As the continent becomes gripped by Euro football fever, our forecast team prepare their predictions for peak demand.
As the European Football Championships get under way, National Grid’s forecasting team is gearing up with some match predictions of their own.
Not the score that is, but predictions for the surge in demand at half-time and full-time as viewers dash to put the kettle on to relieve the tension with a calming cup of tea or open the fridge to grab a cooling drink.
Big sporting events are one of the few times that viewers in Great Britain all sit down at the same time, and consequently get up at the same time, to do very similar things. Because of that, National Grid has to be prepared to keep the electricity system in balance. (Northern Ireland is also taking part, but looks after its own electricity balancing).
The forecasting team has been preparing for some time already, looking at England’s and Wales’ fixtures in the first round to check the times when demand is going to soar. They have also been looking back at the records to try and predict what the likely demand will be.
“For England’s match against Russia we’re expecting the surge to peak at 800 megawatts (MW) at half-time and 500 MW at full-time,” said Energy Forecasting Manager Jeremy Caplin. “For Wales versus Slovakia it’s 500 MW at half-time and 250 MW at full-time.
“The biggest demand we’re expecting in the first round is for the England v Wales match with a peak of 1100 MW at half time and 900 MW at full-time. That will be interesting as it’s a 2pm kick-off so we don’t know if people will have taken the time off to watch at home or try to catch the game at work.”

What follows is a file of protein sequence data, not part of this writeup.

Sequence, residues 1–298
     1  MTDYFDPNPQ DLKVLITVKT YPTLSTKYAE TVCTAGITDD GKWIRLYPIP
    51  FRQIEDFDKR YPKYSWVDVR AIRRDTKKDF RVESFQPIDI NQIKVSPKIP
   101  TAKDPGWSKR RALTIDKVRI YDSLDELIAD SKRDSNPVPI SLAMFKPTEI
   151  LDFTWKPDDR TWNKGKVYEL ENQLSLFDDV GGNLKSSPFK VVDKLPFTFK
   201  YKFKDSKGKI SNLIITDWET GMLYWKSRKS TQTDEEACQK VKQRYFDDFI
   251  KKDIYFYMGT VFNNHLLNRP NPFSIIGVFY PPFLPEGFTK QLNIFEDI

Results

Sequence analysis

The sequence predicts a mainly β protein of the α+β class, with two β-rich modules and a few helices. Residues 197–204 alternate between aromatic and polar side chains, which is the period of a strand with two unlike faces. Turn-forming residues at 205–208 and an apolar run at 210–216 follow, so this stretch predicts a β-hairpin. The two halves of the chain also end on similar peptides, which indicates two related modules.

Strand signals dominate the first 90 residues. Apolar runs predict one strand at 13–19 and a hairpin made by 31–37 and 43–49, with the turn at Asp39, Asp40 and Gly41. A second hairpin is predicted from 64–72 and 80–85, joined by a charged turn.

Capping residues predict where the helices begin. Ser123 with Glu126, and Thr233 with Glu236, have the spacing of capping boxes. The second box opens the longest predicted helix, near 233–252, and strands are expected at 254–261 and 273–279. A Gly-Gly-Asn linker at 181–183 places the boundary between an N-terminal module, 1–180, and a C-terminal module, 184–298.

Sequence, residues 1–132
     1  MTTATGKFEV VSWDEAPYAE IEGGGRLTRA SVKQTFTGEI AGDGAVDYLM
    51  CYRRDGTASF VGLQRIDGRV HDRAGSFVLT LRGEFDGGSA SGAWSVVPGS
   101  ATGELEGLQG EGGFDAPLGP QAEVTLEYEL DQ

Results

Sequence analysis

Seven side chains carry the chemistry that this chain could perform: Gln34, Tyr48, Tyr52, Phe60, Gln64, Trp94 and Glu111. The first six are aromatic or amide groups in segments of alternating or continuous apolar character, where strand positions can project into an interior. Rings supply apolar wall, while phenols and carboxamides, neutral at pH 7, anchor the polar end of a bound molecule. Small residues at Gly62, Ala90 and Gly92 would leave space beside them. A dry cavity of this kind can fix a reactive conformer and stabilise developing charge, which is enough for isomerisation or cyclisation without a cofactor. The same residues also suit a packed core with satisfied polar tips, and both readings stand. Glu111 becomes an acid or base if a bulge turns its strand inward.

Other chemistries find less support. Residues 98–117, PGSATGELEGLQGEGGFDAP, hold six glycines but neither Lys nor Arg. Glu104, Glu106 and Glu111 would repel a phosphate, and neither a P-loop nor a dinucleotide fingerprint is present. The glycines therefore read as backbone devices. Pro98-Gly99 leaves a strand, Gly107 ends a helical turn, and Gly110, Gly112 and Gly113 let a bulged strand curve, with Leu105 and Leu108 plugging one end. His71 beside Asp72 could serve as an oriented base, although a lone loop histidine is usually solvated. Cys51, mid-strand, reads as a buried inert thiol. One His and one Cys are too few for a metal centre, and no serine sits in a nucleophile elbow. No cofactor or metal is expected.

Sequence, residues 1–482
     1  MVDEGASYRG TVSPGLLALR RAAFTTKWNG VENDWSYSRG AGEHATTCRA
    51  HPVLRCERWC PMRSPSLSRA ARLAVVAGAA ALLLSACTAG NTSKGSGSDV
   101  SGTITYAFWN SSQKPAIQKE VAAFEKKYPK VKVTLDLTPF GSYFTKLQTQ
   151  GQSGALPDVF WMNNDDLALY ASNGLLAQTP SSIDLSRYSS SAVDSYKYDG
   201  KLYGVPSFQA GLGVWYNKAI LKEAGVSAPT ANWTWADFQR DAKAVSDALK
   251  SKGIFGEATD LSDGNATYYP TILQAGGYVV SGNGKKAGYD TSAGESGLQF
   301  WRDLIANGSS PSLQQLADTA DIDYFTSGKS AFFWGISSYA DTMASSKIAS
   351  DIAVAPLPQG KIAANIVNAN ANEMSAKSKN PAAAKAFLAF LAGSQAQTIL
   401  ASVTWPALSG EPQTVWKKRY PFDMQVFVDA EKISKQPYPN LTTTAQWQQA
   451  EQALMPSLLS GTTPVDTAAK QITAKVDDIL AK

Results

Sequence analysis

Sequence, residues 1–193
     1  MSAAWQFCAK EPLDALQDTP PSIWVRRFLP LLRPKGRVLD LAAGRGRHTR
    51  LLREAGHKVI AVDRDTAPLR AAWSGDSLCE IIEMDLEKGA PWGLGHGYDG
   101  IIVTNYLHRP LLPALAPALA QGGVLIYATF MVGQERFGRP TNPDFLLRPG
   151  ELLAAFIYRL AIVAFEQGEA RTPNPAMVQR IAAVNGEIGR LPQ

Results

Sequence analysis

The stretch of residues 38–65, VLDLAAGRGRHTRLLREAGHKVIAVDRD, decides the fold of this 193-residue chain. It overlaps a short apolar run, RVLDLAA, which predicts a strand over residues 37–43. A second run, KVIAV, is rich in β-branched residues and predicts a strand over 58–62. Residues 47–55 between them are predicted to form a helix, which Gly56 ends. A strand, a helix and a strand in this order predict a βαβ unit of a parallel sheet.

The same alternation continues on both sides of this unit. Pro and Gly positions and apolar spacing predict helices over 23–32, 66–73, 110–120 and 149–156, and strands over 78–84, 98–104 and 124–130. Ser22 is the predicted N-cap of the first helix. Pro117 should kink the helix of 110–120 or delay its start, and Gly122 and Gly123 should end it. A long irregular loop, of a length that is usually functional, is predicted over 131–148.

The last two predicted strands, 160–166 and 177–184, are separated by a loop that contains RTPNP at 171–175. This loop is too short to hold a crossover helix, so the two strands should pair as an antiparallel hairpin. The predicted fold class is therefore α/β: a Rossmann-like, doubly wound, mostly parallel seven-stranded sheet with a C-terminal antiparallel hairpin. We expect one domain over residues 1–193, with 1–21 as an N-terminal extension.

As the tournament progresses Jeremy and the team will be keeping an anxious eye on how England and Wales do. “If our home teams go further in the tournament we could see demand surge to two gigawatts (2000 MW),” he added.
And then of course, there is the dreaded penalty shootout. “If a match goes to penalties, predicting when the surge will come is very difficult because you don’t know exactly when it will finish. If it comes to it, a control engineer will be sitting there watching the match and ready to give the word to power stations to get ready.”
Predicting demand is a science with many different factors taken into account. There are the records of previous tournaments, going back to the 1966 World Cup, the weather, the time of day and changes in technology all having to be considered – the increased use of low energy lightbulbs has had a significant impact on demand.
And it isn’t only kettles and fridge door lights that push up electricity demand; with millions of people taking the opportunity to go to the toilet, the sudden demand for water as all those toilets flush activates pumps at waterworks to keep the water pressure up.
“A lot of information feeds into our forecasts so we have a pretty good idea what will happen and we can give the control room all the information they need to handle any situation,” said Jeremy.
Thinking ahead is also important in making sure demand is met at least cost. “We use the plants that are offering the best price so we are meeting demand as economically as possible. The more accurate prediction we can provide to the plants providing the power, the cheaper we can get the energy.”